"So there's some form of elimination?"
"Just like life eliminates us. We make our choices and pay for them, just like anyone else. We step in a manhole; we fall. We anger a man, we die or wish we had."
Blair seemed disappointed, "So in many ways, you feel and experience things just like anyone else?"
"Exactly. We're not superheroes or demons by any account, as many who have known about us made us out to be. We don't even know why we are the way we are, and in many ways, we're worse off than you, no matter how much the poets and philosophers say otherwise."
"Think about it this way. Have you ever thought that death might be a boon?"
Instead of protesting, to Pierson's surprise, Blair became even more animated, "Oh yes! I mean, the 'dying' must be kind of painful, but many primitive tribes still believe that death is very sacred and an integral part of life. Why, when I was in the Amazon -- "
Pierson genuinely found this fascinating, but he had this sinking suspicion that even the Taco Bell Chihuahua would lose its pre-morning espresso high faster than this kid.
* * *
Jim's senses were on maximum focus, so much so that he nearly screamed like a cat, and jumped nearly as high, when his server had to tap his shoulder to get his attention. "G'fuh?"
"Would you like some more coffee?" The server looked more concerned than annoyed.
"Oh yeah," he nodded quickly.
Her nod was pensive. "Should I call a doctor?"
"That's all right. I'm just thinking."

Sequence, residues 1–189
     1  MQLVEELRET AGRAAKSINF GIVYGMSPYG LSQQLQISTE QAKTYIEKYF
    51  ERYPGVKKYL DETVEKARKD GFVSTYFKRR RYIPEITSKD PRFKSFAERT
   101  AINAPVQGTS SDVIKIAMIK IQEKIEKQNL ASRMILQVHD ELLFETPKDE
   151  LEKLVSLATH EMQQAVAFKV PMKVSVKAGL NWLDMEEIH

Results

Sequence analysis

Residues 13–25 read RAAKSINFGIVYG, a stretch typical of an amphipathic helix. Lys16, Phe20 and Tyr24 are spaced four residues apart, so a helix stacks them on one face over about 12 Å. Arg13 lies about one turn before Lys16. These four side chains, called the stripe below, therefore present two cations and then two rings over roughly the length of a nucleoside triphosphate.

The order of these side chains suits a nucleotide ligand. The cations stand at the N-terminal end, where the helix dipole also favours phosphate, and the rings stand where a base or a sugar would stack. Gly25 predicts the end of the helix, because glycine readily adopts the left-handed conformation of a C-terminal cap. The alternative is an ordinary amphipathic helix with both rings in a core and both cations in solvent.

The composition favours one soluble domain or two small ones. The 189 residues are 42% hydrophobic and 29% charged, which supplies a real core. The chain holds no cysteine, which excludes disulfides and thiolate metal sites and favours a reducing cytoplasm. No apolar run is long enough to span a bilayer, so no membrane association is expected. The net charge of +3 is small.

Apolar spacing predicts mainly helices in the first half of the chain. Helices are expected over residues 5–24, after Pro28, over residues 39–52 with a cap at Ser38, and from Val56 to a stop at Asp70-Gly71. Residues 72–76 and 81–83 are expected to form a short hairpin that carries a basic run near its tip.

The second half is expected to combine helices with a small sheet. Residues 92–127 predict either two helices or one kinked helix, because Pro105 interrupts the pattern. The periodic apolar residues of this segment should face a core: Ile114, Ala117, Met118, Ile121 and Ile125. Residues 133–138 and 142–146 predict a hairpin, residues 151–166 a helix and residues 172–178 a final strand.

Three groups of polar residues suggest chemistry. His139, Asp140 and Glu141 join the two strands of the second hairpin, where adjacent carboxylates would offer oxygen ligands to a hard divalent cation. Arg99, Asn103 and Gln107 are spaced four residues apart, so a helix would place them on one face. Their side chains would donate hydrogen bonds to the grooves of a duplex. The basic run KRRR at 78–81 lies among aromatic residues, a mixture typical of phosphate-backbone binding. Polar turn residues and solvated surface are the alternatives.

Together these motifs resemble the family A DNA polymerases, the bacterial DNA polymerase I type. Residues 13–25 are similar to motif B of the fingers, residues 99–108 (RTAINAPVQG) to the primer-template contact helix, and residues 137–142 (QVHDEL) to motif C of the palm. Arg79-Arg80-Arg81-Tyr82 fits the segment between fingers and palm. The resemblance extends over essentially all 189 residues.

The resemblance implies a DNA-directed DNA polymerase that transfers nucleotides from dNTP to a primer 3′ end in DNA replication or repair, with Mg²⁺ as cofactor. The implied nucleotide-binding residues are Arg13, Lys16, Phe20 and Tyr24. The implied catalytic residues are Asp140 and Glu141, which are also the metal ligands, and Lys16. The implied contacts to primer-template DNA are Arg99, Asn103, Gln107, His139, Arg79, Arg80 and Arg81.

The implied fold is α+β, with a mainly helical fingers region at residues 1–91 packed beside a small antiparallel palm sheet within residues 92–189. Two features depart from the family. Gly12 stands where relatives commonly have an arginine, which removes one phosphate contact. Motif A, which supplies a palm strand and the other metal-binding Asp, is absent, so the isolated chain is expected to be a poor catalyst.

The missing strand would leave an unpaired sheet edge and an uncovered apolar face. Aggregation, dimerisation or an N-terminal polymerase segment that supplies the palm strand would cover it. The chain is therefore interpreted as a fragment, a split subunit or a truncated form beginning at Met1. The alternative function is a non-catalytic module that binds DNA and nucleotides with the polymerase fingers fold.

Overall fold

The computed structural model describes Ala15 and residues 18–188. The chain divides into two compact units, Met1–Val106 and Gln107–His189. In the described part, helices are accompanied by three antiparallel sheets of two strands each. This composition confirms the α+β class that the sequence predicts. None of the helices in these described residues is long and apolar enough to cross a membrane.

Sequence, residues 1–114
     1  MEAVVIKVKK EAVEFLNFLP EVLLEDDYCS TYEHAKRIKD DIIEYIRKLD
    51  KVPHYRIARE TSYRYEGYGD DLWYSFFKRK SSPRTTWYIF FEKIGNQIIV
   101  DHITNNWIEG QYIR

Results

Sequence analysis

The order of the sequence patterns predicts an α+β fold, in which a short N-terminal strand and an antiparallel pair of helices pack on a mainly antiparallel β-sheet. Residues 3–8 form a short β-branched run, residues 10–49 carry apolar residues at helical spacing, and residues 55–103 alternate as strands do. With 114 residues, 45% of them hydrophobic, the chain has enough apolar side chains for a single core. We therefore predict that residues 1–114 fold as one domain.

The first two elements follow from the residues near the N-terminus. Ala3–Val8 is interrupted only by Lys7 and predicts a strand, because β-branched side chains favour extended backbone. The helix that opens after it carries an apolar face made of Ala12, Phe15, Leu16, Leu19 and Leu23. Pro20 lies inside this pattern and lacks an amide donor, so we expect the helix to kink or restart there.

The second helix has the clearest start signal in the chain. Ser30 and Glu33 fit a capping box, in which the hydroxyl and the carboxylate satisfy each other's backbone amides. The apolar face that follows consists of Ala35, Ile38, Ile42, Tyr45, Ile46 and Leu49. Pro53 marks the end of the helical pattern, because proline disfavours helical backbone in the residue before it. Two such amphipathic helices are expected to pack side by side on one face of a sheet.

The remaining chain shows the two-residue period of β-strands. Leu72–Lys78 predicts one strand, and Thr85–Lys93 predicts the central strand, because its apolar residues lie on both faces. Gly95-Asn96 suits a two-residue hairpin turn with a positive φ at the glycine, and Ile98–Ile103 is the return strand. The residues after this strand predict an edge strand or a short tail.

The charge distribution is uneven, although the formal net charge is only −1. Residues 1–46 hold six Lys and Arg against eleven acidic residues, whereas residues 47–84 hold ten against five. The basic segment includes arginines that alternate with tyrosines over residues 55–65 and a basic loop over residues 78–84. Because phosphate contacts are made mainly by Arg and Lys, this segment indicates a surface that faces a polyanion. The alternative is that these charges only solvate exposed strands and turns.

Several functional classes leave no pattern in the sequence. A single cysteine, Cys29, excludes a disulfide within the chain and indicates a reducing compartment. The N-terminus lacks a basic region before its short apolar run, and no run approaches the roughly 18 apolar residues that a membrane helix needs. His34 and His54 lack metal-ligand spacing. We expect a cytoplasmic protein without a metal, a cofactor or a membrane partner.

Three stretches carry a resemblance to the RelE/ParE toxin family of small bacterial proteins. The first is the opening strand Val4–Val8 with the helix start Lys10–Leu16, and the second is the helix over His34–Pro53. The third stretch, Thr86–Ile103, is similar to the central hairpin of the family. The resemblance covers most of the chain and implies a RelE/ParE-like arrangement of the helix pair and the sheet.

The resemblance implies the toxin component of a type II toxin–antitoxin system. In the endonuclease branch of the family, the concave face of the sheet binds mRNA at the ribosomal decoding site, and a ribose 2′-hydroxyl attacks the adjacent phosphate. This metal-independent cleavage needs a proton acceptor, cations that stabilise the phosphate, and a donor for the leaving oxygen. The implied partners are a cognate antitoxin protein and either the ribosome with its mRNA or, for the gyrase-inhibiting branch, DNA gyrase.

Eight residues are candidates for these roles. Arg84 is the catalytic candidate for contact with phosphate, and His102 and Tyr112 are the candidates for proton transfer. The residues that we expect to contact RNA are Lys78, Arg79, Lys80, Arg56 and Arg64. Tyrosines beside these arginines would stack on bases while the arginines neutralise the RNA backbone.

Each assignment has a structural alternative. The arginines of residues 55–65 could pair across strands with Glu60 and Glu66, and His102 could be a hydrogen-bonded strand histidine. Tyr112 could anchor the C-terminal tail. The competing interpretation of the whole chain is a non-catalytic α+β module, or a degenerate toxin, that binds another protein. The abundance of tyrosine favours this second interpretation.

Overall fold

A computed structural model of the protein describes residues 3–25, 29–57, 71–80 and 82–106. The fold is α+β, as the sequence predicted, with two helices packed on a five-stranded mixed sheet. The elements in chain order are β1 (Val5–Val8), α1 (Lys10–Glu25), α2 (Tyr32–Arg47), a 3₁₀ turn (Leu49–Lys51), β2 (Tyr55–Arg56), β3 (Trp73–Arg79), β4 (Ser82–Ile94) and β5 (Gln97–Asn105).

When he was able to focus again on the old man, he saw some other men in suits approaching. One of them spoke to the old man, his voice garbled somewhat by the ambient sound. "I couldn't help but notice the tattoo. It sort of stands out."
The old man shrugged, "So did your bad tracking skills. I've seen you guys circle around like vultures for the last half hour."
"You should have split then, old man. Di'Anno is paying top dollar for the man who brings in anyone with your tattoo."
The old man was unconcerned, "Anyone can get that tattoo for fifty bucks."
"Not fifty years ago. You coming with us or not?"
"I don't think so. I didn't like di'Anno's father or his choice in bodyguards, and I don't think I'll like his son."
"That's too bad."
The thugs were suddenly startled by the beefed-up man who had somehow snuck up behind them. "It'll be worse for you if you don't put your guns on the ground. You're under arrest for threatening to kidnap a foreign tourist by force."